A young child comes into the Emergency Department looking relatively well with fever. In just a few hours, he develops severe meningococcal septic shock, a life-threatening condition for the boy and a life-changing moment for the treating doctor.

This is the event that inspired resident doctor Luregn Shlapbach to pursue paediatric research. He was struck by the speed at which a major infection known as sepsis could lead to organ shut down and intrigued by how such a thing could happen when until then, the child had led a healthy, normal life.

Fast forward to the present, Luregn is now a consultant in the Paediatric Intensive Care Unit at Queensland Children`s Hospital and an Associate Professor at The University of Queensland. His research group focuses on investigating sepsis, infection and inflammation, which are all linked in several ways.

During sepsis, defence mechanisms which usually protect us from infections go off-track and lead to an impaired response. This pattern of inflammation is not only seen in sepsis, it can happen in other conditions, such as after heart surgery, requiring heart-lung-machine support.

Sepsis affects over 500 children in Queensland every year and together with other conditions frequently seen in critically ill children, imposes a huge burden on children`s health, their families, and society. Luregn and his research team have helped to shape a better understanding of who is affected by sepsis, its impact and which risk factors are relevant.

“A critically ill child should have an entire healthy life ahead and too often severe critical illnesses like sepsis lead to adverse long-term outcomes in children. If we can improve the way we recognise and treat such conditions it may make a difference for a whole lifespan,” he says.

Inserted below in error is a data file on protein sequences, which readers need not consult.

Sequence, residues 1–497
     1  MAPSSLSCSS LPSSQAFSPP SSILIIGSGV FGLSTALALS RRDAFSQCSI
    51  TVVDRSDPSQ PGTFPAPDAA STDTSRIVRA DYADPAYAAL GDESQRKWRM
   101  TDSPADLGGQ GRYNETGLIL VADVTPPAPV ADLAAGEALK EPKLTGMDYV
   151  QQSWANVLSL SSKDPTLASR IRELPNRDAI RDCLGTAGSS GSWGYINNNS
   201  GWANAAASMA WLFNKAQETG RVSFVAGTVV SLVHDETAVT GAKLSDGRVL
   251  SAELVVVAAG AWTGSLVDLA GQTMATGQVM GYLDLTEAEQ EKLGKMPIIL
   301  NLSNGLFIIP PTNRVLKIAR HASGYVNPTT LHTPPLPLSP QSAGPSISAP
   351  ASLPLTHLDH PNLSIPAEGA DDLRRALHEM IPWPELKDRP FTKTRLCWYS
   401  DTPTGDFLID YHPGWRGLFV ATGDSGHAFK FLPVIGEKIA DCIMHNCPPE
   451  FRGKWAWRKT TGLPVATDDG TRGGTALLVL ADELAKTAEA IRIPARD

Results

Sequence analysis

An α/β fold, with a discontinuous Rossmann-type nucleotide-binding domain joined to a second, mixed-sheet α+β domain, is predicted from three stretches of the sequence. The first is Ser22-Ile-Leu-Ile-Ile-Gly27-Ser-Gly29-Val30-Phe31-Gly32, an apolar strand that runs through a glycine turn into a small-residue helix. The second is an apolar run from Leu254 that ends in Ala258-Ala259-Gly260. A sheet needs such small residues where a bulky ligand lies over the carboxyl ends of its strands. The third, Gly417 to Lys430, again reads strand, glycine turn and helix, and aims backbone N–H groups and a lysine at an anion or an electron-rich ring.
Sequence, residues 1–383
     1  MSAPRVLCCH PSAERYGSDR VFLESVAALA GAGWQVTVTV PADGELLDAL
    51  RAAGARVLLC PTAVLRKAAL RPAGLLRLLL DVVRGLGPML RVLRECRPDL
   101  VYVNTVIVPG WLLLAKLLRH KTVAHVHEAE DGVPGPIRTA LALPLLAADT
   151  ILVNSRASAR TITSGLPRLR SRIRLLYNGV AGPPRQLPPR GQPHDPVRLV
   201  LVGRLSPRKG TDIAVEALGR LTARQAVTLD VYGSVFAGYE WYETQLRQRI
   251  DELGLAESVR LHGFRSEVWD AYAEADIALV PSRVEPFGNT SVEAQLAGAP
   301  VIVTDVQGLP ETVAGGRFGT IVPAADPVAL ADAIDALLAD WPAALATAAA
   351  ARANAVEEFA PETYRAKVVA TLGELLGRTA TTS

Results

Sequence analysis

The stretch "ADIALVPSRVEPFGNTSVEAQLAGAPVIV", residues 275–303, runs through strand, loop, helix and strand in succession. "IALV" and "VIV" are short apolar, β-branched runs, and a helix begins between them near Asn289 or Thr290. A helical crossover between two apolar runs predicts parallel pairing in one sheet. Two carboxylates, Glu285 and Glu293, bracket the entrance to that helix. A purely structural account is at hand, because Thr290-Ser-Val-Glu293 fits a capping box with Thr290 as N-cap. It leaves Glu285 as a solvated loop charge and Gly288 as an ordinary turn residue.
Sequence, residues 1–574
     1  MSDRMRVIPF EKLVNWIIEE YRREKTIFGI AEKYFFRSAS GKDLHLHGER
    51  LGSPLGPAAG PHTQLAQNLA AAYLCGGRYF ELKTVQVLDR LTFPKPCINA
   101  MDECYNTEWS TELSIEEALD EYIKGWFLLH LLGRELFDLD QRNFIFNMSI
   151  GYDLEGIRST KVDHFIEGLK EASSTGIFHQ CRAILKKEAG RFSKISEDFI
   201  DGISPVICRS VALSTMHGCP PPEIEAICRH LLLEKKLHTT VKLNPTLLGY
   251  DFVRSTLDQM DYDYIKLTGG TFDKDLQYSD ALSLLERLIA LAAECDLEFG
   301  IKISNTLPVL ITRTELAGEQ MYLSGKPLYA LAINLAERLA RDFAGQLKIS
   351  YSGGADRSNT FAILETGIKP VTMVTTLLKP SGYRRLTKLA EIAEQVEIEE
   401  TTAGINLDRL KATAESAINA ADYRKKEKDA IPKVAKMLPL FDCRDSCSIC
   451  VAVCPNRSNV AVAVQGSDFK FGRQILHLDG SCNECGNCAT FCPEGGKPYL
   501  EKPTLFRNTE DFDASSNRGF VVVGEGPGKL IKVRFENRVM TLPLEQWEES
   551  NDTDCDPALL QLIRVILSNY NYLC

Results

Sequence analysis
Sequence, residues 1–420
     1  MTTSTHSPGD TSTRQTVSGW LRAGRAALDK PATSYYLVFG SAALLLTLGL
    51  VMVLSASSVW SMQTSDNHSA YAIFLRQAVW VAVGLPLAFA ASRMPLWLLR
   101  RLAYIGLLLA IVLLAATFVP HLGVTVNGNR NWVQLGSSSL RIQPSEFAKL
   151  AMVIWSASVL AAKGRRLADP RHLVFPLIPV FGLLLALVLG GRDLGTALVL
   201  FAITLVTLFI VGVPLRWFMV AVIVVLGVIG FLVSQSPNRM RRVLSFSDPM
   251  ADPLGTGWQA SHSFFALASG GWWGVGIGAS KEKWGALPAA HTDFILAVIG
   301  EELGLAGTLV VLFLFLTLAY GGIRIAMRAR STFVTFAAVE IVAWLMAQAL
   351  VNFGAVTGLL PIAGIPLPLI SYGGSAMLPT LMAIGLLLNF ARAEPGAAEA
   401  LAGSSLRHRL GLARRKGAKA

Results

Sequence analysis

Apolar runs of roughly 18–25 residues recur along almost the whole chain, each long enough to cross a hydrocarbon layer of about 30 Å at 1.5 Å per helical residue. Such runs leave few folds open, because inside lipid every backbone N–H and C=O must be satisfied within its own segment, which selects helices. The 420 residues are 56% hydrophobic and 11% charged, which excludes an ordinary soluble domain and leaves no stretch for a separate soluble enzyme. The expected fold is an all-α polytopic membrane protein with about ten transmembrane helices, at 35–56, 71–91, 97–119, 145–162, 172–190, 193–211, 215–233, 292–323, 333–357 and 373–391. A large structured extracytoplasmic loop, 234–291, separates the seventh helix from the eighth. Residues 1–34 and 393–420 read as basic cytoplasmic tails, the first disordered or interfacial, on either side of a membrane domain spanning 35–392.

Your donations have been instrumental in building Luregn’s research team and initiating several projects that have led to larger research grants from other agencies.

“We would not have achieved as a team what we have in the past years without the Foundation’s support. I have been impressed by how the Foundation has a very holistic approach to research, making sure not only the projects, but as well the consumers’ perspective, and the impact on change of practice are kept in focus,” Luregn says.

Recent success in securing funding from the Federal Government’s Medical Research Future Fund (MRFF) is a testament to the group’s outstanding impact on paediatric research. Two MRFF grants worth a total of $5.5 million will help them investigate the genes involved in children with suspected sepsis and how genes can predict long-term outcomes in infants after heart surgery. With the support of the community the Children’s Hospital Foundation is a proud partner for both these initiatives.

“We now have a unique opportunity to leverage the work from past years. This research will centre around the question of why some children are unusually sick, how we can improve recognition and treatment, and what long-term outcomes these translate to,” Luregn says.

Luregn’s ultimate goal is delivering precision medicine.

“Wouldn`t it be wonderful if we can develop personalised medicine for children with sepsis – the right drug, to the right patient at the right time,” he says.

We agree.